Sharp moves in bond and foreign exchange markets have underlined the challenge that Europe's top central bankers face as they prepare investors for the day when they will start to phase out policies that have supported the economy through financial crises and political uncertainty.
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European Central Bank head Mario Draghi's statements this week about a "firming and broadening" economic recovery and a "prudent" and "gradual" withdrawal of stimulus were taken as a sign the bank was going to phase out its measures faster than expected. It sent the euro and bond yields suddenly higher for two days, an indication investors expect higher rates.
Similar market jitters surrounded comments by Bank of England Governor Mark Carney the day after, and on Thursday the euro, pound and bond markets were still broadly buoyant.
The euro was up 0.2 percent at $1.1401, the highest in 14 months and up more than 2 cents since the start of the week. The pound has gained almost 3 cents this week, to trade at $1.2977. And the yield on the 10-year German government bond at 0.44 percent is up sharply from 0.24 percent last week, though below levels seen in March.
The market volatility recalled the so-called "taper tantrum" of 2013, when markets reacted sharply to remarks by U.S. Fed Chairman Ben Bernanke about the eventual reduction, or tapering, of a stimulus program involving the purchase of government bonds using newly printed money. The Fed eventually did end its bond purchases and moved to raise its key interest rate. But that took a long time — the first hike came only in December, 2015, after which it waited an entire year before moving again, such was the market's sensitivity to higher rates.
The ECB's stimulus involves a similar program to that of the Fed, purchasing 60 billion euros ($68 billion) per month in bonds.
The market moves underline the wide-ranging effects that an eventual end to bond-buying by the ECB will have, as would an interest rate increase in the U.K. An end to bond purchases should send bond prices down, as a major buyer, the ECB, exits the market. Longer-term borrowing costs — for governments, for instance, or for people with new mortgages — would rise. Stocks and other riskier investments might become less attractive relative to safer holdings such as bank CDs.
Analyst Carsten Brzeski at ING-DiBa said Draghi's remarks did not contain a major shift in the bank's stance. "This is not a taper tantrum yet. I think markets got slightly carried away with themselves."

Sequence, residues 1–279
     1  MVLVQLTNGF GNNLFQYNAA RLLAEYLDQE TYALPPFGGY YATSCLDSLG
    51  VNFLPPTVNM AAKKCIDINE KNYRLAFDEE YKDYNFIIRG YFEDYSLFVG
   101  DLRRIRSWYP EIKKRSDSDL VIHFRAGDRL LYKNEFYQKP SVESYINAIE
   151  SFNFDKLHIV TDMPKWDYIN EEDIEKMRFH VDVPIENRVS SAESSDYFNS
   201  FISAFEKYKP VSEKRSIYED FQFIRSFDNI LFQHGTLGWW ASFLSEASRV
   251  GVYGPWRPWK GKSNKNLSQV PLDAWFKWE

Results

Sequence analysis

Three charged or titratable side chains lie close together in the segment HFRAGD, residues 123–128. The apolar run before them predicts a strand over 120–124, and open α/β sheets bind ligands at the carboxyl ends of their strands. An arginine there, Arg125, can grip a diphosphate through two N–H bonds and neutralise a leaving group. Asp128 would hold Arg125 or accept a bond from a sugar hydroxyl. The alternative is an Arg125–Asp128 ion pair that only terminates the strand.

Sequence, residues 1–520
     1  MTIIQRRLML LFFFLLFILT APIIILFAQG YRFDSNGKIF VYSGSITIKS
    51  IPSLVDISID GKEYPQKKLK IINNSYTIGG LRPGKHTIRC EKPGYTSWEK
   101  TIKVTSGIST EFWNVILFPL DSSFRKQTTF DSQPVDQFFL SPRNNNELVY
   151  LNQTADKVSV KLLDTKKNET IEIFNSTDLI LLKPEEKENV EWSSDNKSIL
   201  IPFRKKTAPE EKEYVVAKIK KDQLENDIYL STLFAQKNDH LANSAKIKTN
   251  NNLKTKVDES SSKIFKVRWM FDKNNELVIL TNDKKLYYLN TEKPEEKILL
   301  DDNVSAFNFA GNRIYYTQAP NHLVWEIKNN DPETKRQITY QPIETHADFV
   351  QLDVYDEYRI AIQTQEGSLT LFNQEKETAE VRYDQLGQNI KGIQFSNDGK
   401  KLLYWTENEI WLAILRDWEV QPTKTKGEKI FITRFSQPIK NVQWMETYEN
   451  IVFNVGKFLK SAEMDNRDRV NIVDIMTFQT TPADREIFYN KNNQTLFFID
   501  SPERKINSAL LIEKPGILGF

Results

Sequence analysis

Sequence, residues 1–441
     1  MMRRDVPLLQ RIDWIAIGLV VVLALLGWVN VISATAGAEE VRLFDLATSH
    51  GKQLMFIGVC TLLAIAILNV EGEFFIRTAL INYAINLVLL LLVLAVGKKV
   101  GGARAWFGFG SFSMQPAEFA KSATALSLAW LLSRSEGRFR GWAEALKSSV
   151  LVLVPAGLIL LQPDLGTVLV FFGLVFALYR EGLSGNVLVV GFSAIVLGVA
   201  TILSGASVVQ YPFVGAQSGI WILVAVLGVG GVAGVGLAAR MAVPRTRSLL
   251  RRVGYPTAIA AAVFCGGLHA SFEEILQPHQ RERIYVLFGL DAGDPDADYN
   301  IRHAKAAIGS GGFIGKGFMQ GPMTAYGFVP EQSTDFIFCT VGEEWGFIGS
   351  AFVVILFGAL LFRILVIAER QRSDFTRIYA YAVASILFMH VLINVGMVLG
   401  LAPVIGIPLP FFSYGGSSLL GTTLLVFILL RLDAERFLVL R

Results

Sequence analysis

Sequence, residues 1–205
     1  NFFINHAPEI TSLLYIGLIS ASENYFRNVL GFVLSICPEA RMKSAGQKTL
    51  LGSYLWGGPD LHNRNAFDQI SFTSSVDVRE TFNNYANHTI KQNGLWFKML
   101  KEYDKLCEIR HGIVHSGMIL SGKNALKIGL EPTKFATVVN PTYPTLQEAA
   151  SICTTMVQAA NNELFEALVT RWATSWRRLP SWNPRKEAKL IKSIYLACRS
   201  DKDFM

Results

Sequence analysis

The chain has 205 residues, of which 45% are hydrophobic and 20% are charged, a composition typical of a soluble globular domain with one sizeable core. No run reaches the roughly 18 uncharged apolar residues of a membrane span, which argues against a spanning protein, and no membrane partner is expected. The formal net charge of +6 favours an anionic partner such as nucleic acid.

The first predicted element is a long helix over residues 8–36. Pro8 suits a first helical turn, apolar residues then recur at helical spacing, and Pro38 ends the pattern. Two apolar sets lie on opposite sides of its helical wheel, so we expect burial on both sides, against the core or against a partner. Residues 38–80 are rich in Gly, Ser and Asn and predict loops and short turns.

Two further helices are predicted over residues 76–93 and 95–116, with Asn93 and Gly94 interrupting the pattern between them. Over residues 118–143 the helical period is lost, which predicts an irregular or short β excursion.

But he said the sudden euro jump was "a warning to the ECB that preparing markets is a hard job to do."
Analysts think that the ECB will give a clearer idea about its plans to ease off its bond-buying stimulus at its Sept. 7 meeting, start reducing the purchases in January, and end them before or at the end of 2018. They say the benchmark interest rate, which is at zero to help make lending cheap, will be raised only after that, meaning not until sometime in 2019.
Jane Foley, head of foreign-exchange strategy at Rabobank, said the sudden jump in the euro may also reflect more positive sentiment about the eurozone's political and economic prospects relative to the United States. Earlier in 2017, the euro was plagued by fears that anti-euro, right-wing populists such as France's Marine Le Pen might come to power, while the dollar was boosted by expectations that new U.S. President Donald Trump would engage in more infrastructure spending and tax cuts. Those expectations have shifted in the euro's favor after Le Pen was defeated for president by pro-euro Emmanuel Macron, and after hopes that Trump might act quickly have faded.
Draghi's remarks about a strengthening recovery "weren't in any way or form outwardly hawkish... and yet that was the markets interpretation. And that suggests to me there is a lot of bias out there for the euro... partly because of the improved political backdrop in Europe but it's also disappointment with the dollar."
Markets were already leaning in favor of the euro and "probably read a little more into Draghi's comments than he intended to say," she said.